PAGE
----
Satin Anodized Aluminum
A discussion started in 2003 but continuing through 20182003
Q. I am a product design engineer working on a project for a very stringent customer. The project includes 6061 machined aluminum parts (~4 inch cubes) on which I need an "satin anodized" finish. This is a primarily cosmetic finish.
I've tried straight bead-blast then clear anodize, but got parts with a chalky appearance. I'm looking for something that has more depth & shine, but it still satin. The new Apple Powerbooks have the finish I am trying to mimic (if you've seen one!). My latest attempt included bead blasting, electropolishing, and clear anodizing. This finish is very close to what I want. A nice shiny, satiny surface. But... now I see some dark shadows in the finish (& they are sticky). I suspect the shadows are due to uneven bead blasting, but after looking through a lot of the posts here, I want to be sure. I'm on a tight deadline and want to cover all the bases. Any thoughts will be greatly appreciated! Also, any suggestions for finishing processes would be great. For the process described I've got to move the parts through 3 different shops, so no one is really accountable....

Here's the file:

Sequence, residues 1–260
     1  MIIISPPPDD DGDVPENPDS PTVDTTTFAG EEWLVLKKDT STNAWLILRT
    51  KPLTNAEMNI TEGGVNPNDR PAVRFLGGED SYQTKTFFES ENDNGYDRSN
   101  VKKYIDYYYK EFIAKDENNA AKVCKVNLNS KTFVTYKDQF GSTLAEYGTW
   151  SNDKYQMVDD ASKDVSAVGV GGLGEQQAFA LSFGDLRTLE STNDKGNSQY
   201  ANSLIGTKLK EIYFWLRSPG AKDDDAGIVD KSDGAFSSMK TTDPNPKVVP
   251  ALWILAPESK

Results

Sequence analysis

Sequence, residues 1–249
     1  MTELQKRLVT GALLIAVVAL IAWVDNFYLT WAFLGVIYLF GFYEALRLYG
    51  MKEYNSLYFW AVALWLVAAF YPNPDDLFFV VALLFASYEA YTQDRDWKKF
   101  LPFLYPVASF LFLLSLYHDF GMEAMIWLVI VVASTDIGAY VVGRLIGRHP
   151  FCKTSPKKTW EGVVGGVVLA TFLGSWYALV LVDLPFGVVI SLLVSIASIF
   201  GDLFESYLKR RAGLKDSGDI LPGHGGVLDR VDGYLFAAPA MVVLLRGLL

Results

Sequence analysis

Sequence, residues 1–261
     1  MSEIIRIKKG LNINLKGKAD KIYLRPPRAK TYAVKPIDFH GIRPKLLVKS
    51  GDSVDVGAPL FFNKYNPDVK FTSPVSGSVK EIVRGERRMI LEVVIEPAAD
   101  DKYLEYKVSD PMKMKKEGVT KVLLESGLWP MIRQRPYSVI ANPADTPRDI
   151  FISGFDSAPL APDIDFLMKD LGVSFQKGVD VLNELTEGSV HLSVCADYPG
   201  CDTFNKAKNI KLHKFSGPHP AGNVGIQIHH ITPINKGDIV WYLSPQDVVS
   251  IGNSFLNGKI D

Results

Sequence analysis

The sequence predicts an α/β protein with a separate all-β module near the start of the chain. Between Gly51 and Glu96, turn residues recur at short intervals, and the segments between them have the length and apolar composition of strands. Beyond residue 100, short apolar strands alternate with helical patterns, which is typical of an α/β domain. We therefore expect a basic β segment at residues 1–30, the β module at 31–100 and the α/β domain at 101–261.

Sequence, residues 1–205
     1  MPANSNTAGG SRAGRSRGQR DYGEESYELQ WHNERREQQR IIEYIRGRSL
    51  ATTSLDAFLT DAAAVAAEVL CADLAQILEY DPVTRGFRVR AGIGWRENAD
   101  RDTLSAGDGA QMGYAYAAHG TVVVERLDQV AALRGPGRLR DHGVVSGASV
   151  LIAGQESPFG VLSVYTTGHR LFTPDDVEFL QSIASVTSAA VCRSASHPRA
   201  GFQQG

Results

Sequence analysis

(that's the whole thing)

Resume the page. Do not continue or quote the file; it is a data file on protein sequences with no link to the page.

- San Francisco, California, USA
A. The most popular method of getting satin finish in our industry is to alkaline etch in Sodium or Potassium Hydroxide with additives. Sodium Fluoride at about 1.5 oz/gal on top of about 6 oz/gal of Sodium Hydroxide at 140 F for 5 minutes should get close to what you want. Then experiment from there. Off line I can recommend proprietary mixtures for alkaline etching.
Be careful with the blasting. If the media has been used with any other metal then you will be pounding the contaminant into the soft aluminum. Also the work hardening caused by blasting will affect the uniformity of any subsequent chemical treatment.
Robert H Probert
Robert H Probert Technical Services
Garner, North Carolina
and co-author of The Sulfamate Nickel How-To Guide
June 28, 2010
My current situation with the finishing is quite similar, but the only difference is that the material we are using is Aluminum Alloy 2 series (copper), and we tried 4 kinds of finishing, most of which are not aesthetically pleasing.